Journal Club 25 Sept 2016: Potential merger of ancient lineages in a passerine bird discovered based on evidence from host-specific ectoparasites
The occurrence of deep mtDNA lineages in an otherwise homogenous genome may suggest that populations have been isolated in allopatry for long periods of time, but have more recenly been mixed. Such merger of formerly isolated lineages is hypothesized to occur only under certain conditions. There are not many examples of this phenomenon, but a recent study by Block et al. (2015) is an exception. They show with mtDNA sequencing and microsatellite screening of a Malagasy passerine, Xanthomixis zosterops, may possibly represent a instance of merging of deep lineages. There is also very interesting data of host-specific feather lice in the genus Myrsidea, suggesting three major phylogroups. supporting allopatry in X. zosterops.
The sampling sites, mtDNA lineages of the two main players in the present study: X. zosterops and its associated Myrsidea (Figure 2 in Block et al.).
A new paper spreads some light on the conservation genetics of the giraffe. Traditionally, one giraffe species with up to eleven subspecies have been recognized. A new study by Fennessy et al. (2016), use data from mtDNA and 7 nuclear loci to conclude that at least four of these lineages should be considered as species under the genetic isolation criterion. The branches are quite deep and monophyletic and the finding thus seems robust. The upgrading of several subspecies to species status should have significant conservation implications.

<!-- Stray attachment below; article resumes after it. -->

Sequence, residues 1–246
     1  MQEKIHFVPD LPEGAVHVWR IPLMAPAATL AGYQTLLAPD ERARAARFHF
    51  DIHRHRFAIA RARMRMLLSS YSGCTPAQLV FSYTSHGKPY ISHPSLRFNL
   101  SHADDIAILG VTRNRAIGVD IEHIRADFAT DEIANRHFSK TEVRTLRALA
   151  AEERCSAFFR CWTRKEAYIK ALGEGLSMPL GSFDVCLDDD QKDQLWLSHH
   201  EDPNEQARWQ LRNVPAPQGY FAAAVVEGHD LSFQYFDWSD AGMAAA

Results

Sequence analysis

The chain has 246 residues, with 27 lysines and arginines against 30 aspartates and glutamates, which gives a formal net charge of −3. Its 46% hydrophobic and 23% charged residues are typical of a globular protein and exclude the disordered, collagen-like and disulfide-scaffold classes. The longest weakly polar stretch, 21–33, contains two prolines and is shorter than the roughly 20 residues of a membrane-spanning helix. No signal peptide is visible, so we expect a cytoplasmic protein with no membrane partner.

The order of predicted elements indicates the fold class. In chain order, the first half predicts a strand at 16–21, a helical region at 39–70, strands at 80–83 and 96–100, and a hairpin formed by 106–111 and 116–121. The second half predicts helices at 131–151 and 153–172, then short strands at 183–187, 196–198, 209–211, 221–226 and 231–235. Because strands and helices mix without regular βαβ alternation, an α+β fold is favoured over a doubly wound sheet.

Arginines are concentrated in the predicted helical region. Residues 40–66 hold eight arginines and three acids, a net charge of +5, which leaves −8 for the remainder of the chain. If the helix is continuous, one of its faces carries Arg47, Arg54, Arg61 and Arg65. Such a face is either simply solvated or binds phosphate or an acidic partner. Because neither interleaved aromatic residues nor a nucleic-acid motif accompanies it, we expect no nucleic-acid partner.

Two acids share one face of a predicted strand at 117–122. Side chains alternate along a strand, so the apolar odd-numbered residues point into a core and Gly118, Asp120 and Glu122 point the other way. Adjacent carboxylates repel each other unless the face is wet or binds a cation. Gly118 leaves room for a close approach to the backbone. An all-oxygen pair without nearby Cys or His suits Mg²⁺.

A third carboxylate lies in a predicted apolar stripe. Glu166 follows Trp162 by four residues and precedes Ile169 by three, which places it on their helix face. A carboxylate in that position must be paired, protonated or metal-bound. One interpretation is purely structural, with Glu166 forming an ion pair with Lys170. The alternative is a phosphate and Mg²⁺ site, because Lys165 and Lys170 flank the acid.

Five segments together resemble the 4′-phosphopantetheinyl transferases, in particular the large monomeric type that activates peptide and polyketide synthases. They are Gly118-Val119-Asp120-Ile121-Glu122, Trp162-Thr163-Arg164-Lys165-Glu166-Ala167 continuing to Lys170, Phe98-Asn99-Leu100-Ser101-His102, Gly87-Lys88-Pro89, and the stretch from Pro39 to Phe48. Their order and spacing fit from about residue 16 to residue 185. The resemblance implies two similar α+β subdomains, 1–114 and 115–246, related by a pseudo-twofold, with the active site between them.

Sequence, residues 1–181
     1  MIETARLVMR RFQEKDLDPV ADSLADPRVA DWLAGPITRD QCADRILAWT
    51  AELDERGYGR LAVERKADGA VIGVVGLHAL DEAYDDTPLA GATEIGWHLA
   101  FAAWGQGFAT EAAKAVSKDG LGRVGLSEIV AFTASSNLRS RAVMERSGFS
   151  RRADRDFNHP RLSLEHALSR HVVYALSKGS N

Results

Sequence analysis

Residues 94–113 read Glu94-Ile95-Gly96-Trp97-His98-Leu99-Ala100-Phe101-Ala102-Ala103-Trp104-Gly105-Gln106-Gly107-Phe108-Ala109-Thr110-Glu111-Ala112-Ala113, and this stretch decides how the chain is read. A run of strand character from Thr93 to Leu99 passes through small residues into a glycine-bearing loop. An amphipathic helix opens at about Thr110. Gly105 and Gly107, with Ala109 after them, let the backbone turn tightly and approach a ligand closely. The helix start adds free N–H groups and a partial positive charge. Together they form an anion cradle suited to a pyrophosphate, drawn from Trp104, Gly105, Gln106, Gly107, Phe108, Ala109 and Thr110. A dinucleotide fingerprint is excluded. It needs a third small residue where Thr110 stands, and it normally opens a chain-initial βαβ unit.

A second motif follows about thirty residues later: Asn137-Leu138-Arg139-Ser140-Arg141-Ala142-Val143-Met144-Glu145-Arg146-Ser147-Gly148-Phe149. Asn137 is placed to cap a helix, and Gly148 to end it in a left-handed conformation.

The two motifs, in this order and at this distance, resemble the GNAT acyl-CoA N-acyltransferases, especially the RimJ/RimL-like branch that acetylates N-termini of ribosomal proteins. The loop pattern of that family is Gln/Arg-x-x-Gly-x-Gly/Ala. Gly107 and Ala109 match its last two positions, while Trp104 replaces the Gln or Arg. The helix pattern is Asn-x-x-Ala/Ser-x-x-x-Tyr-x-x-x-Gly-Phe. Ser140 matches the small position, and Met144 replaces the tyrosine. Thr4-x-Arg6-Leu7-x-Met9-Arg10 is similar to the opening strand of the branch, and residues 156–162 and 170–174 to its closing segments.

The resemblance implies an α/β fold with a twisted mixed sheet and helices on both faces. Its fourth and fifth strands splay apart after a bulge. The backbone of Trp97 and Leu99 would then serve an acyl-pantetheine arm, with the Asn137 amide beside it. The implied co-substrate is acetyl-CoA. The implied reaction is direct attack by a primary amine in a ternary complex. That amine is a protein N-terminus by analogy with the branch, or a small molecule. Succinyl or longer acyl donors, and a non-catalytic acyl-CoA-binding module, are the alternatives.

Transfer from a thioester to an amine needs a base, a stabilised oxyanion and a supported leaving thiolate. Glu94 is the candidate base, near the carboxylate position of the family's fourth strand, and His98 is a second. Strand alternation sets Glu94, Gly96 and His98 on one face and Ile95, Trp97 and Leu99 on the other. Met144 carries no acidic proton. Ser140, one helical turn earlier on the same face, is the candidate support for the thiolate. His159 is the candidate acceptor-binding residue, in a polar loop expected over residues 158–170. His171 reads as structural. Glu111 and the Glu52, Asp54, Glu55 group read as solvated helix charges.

Evolutionary relationships among Giraffe as determined by a coalescent multi-locus tree from seven nuclear loci (4,294 bp) from 105 giraffe individuals rooted with okapi. Identified are four monophyletic clades with significant support, p > 0.95: southern giraffe (G. giraffa, G. angolensis), Masai giraffe (G. tippelskirchi), reticulated giraffe (G. reticulata), and northern giraffe (G. antiquorum, G. camelopardalis, G. peralta, G. rothschildi). Figure 2A from Fenessey et al.
Attended ICE 2016 in Orlando, Florida, between 25-30 September. This congress ,with the Theme “Entomology without Borders”, attracted no less than c. 6,700 attendees. Several good symposia and great talks, for me peaking with the symposium about insect sex determination with Leo Beukeboom (University of Groningen) as main speaker, and some really good talks e.g. by Richard Meisel (University of Houston) about sex chromosomes and sex determination in muscid flies. We had a symposium called "Next-Generation Ecology, Morphology, and Genomics: What Can We Learn about the Evolution of Odonata?" where I gave a talk about sexual differential gene expression in Ischnura elegans (as can be seen by the serious certificate below). Both Maren Wellenreuther and Rachael Dudaniec gave great talks, about non-adaptive radiation in damselflies and genomic adaptation along an environmental gradient in range-expanding damselflies, respectively.